It’s Columbus Day! Here are some movies to commemorate the tragedy of colonization and the civilizations that were here first.
Many of us prefer to call today Dia de la Raza, but that doesn’t change the fact that October 9th is universally known as a celebration of the day Christopher Columbus “discovered” the Americas. Given the genocide, pillaging and rape that followed, and the ensuing prejudices and systemic oppression that persist until today, Columbus Day should really be a day of mourning.
Still, the arrival of Europeans on the shores of the New World set off a tragic but pivotal moment of humanity’s history, and it’s important to remember it. Sadly, we still don’t talk about it enough, and movies featuring indigenous cultures in any capacity are too often blatantly racist, inaccurate and reductive.
The movies listed here are not perfect, and some may still have tone-deaf elements put in by white creators that didn’t know what they were talking about, but they’re a good starting point to reflect on the past and how it still affects us, and to see more of the unrepresented history of the Americas on screen.
‘Atanarjuat: The Fast Runner’
This epic movie tells an ancient Inuit legend about love, betrayal and escape, entirely in the Inuit language. It’s a work of love by Inuit filmmakers and actors, who painstakingly researched their own history and ancient customs to bring them to life on screen for the first time. To film it, the cast and crew traveled through Igloolik, Canada, living in tents and battling harrowing weather. It makes for a beautifully accurate film that’s a glimpse into a past we don’t acknowledge enough.
The fact that it was entirely created by Inuit filmmakers makes it all the more valuable, given that Inuit culture (and indigenous cultures everywhere) has all too often been viewed only through the eyes of foreigners.
While this movie still revolves around two white characters, it’s the most famous film that actively explores the reality of much of South America during the 1740s. Jesuit priests were the only Europeans who believed that the indigenous communities surrounding Rio de la Plata had souls — and therefore should not be kidnapped and sold into slavery, a brutal custom that was tearing tribes apart. The Jesuit priests reached out to nearby tribes built protected cities with them, in a unique case of respect and loyalty in those violent times.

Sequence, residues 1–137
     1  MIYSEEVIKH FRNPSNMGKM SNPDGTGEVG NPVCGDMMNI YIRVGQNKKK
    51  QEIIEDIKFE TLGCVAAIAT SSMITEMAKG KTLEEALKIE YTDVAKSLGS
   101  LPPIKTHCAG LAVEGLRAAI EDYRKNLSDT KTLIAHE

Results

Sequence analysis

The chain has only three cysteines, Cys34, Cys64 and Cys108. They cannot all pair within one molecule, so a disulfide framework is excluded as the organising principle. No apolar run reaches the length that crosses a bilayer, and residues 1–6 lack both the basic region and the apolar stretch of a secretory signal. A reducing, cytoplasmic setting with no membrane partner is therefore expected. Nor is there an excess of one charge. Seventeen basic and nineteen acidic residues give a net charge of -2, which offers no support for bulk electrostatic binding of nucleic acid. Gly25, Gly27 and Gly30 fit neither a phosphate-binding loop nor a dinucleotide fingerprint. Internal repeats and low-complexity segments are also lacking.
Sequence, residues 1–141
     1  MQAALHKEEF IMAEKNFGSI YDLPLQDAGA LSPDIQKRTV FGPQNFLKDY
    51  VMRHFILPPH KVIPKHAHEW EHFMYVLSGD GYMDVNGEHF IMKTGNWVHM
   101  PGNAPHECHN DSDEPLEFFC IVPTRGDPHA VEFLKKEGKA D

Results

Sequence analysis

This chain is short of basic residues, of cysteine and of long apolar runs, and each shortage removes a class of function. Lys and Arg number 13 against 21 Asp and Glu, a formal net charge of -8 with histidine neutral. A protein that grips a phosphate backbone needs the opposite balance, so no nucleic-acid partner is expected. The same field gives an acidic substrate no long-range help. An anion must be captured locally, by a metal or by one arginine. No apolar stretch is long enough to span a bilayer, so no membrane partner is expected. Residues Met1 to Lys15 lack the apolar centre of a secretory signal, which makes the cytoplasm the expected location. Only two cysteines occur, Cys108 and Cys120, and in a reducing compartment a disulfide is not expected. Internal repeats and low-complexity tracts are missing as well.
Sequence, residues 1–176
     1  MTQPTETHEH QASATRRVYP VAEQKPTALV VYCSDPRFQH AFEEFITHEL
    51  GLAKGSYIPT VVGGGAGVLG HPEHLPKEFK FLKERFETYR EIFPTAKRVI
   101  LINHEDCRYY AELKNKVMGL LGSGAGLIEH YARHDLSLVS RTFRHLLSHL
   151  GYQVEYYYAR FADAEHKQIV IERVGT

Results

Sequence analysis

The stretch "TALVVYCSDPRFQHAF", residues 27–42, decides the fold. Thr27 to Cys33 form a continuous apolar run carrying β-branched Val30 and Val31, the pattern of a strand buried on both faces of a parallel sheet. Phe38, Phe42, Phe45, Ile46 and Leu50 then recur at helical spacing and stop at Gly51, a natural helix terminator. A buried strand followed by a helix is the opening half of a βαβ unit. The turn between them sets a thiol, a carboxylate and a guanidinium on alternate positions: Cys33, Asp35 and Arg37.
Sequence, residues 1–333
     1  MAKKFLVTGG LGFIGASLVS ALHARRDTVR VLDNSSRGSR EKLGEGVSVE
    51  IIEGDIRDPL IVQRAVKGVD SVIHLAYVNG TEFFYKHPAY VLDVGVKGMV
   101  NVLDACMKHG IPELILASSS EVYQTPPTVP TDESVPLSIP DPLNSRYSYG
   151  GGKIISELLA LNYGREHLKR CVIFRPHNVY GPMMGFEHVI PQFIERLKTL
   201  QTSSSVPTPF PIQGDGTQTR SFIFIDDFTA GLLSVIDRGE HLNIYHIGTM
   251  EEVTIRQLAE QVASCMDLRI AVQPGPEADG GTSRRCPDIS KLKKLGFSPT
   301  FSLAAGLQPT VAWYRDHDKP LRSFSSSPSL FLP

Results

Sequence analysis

The project of the Jesuits is not free from criticism, but it did succeed in protecting indigenous communities enough to infuriate Crown — prompting a viciously violent attack on the new cities to rid the Americas of those who defended the rights of the native peoples. This movie, though not always accurate, is a good starting point to become familiar with a history that still leaves its mark today.
Ixcanul is a contemporary Guatemalan story, but it’s important because it’s the first movie to ever be filmed entirely in Kaqchikel, a Mayan language. The movie follows two strong indigenous women and explores the family relationships and cultural expectations placed upon a young Mayan woman who is discovering her place in her community. It also gives us a glimpse of how the racism and brutality that came with colonization continues to affect the lives of indigenous people today.
The actors were all cast in local workshops carried out by the director, who is part Mayan himself, and all dialogue is in Kaqchikel. It’s a victory for the indigenous Guatemalan population, which hardly ever sees itself reflected in the media of their own country.
‘Spirit: Stallion of the Cimarron’
Spirit isn’t a true story, and its main character is a horse, but it’s both visually appealing and family friendly, and it shows the destruction that was unleashed on North America both for humans and for animals. The story is beautiful and soulful and shows an aspect of U.S. history that we don’t usually see in animated films.
The film has been criticized for being formulaic and for watering down the horrors suffered by the Lakota at the hands of the U.S. Army, but it is a children’s film, and the images seen in Spirit will stay in those children’s minds forever.